The implication is that logical or mathematical proofs cut no ice in adjudicating competing claims of fact. Postmodernism is filled with superstition and it’s explicitly anti-science, anti-reason, and anti-logic. But we also know that the father figures of twentieth century postmodernism are all far left. Goodpaster – – Business and Society Review 4: Also, you can get skeptkcism the book and audiobook free on his website!

Explaining Postmodernism: Skepticism and Socialism from Rousseau to Foucault

This combination of reason and reasonable irrationality unleashed an incredible amount of good and human advancement. A very lucid and devastating criticque of contemporary postmodernism. But it is difficult fdom see how he would justify his stance on the ethical egoist view that I assume that he, as an Objectivist, adopts. While almost every postmodern argument is based on a false dichotomy, the Objectivists employ the same tactic.

He fro this not as a matter of hating religion and religious thought, though, as it is used most frequently today. Mises and Hayek demonstrated incontrovertibly that a socialist economy cannot work; to make matters worse, the attempt to establish such an economy makes likely the onset of a totalitarian order. That said, the author makes an excellent case for the origins and d An excellent overview of the historic roots of postmodernism Much of this book is spent in summarizing the philosophers who set the foundation for Marxism and post-modernism.


He rightly says that Kant denies that human beings grasp the noumenal world. While the conclusion that science cannot produce meaning is yet another false dichotomy, so is the implication that if the conclusion is false, the entire argument has no merit.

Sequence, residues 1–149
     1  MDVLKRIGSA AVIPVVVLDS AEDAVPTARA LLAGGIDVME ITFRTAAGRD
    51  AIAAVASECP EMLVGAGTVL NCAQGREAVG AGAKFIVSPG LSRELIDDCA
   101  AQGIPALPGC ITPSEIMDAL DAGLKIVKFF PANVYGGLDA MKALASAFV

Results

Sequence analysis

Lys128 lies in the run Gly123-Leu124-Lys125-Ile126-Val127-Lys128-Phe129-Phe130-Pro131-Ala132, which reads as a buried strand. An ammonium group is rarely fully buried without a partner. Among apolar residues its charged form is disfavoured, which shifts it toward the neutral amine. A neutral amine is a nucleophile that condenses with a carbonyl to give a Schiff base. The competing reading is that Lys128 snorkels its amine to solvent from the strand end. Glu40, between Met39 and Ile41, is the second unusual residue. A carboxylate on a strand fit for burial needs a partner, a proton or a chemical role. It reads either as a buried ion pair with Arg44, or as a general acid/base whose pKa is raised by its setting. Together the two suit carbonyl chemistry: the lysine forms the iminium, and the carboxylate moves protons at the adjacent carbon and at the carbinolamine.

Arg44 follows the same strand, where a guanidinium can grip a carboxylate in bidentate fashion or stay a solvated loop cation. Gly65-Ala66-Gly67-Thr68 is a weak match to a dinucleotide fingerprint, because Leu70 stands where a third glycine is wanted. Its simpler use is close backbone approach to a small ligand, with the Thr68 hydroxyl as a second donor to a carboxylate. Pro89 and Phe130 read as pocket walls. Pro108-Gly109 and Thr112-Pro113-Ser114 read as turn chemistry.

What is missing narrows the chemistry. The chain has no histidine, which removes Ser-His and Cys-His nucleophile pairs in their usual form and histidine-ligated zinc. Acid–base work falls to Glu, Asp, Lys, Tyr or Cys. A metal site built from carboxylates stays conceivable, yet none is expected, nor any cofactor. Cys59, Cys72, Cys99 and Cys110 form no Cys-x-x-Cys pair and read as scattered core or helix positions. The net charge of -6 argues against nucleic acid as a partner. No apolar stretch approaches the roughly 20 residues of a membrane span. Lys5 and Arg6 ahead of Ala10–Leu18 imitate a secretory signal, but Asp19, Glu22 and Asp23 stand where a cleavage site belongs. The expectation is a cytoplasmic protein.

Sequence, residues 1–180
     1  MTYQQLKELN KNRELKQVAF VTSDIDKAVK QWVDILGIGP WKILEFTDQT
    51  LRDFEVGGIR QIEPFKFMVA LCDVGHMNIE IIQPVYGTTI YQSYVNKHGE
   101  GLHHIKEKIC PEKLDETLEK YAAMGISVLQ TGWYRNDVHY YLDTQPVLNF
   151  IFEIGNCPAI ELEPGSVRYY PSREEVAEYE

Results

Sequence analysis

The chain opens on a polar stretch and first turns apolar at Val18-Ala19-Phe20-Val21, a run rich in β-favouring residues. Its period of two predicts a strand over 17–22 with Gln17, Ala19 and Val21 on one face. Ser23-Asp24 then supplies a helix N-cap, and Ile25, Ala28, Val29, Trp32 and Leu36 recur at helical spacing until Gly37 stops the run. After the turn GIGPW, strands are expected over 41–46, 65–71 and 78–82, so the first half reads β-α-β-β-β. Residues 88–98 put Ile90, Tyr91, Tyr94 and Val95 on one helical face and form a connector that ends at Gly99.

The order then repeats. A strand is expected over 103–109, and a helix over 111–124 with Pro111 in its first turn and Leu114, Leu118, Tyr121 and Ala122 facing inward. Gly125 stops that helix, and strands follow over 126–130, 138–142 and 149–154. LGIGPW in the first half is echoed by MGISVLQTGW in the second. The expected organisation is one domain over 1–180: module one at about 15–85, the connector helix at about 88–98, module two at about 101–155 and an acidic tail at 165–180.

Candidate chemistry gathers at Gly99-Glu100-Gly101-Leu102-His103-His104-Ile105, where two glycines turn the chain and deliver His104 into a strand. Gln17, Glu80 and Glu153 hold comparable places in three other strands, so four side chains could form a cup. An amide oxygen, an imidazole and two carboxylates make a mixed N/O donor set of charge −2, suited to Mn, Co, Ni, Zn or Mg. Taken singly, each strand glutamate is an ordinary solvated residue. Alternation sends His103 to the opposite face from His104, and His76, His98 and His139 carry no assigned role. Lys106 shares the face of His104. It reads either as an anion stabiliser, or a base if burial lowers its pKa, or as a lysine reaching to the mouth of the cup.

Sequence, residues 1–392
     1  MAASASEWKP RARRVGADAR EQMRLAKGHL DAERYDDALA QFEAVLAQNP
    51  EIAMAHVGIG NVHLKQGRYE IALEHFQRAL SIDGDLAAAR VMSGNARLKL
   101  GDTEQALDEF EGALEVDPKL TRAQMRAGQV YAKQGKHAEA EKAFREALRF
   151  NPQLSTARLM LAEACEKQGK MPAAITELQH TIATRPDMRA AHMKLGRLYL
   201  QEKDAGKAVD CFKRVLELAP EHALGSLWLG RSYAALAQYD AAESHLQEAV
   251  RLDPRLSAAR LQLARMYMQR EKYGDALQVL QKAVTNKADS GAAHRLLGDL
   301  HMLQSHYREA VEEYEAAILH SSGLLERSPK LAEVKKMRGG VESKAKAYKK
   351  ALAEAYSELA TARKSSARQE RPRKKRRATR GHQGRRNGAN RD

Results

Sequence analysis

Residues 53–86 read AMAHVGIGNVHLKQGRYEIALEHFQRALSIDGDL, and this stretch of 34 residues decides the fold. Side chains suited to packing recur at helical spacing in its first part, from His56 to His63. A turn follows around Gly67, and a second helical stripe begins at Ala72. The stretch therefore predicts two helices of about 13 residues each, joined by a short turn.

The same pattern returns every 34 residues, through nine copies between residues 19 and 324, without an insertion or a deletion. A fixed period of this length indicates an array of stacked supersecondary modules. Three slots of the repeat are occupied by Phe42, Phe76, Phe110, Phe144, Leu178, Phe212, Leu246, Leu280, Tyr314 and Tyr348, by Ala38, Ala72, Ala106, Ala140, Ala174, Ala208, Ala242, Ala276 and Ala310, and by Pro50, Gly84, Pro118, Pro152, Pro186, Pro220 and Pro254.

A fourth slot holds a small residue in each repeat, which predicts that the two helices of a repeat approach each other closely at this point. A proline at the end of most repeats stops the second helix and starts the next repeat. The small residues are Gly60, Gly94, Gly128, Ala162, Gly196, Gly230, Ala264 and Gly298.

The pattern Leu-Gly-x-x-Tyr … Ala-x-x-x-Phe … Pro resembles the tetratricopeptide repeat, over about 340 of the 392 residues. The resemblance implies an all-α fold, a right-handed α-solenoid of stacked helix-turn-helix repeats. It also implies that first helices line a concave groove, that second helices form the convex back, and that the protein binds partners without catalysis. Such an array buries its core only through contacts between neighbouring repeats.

Nevertheless, the book is not without its flaws. Hick’s even goes as far to connect the two in the present day using the example of creationists wanting to ‘irrationally’ set up their theory as truth and silence all others not sure if this is totally fair with postmodern fuocault of not listening to any rational argument against it since reason itself is the source of the problem.

Explaining Postmodernism: Skepticism and Socialism from Rousseau to Foucault by Stephen R.C. Hicks

If the right follows suit, those of us who actually care about western culture will postmmodernism ourselves in a very bad place. Rather, he predicts the end of a certain conception of man—roughly, a conception based on a universal human nature. This book was a product of its time just another conservative polemic against the radicals in the English department. Who advocates this assortment of strange views? This explainin not only explains and diagnoses postmodernism, but also attempts to trace its ancestry.

Where other philosophy works will waste time and space and become bogged down in semantics and jargon and insider lingo, this book cuts straight to the point with powerfully worded and cl Socialosm titling this book Explaining Postmodernism, Hicks is being overly gentle toward the postmodernist dogma, since his handling of the material warrants the more apt title of Exposing and Vanquishing Postmodernism.

Consider the following pairs of claims. Want to Read Currently Reading Read.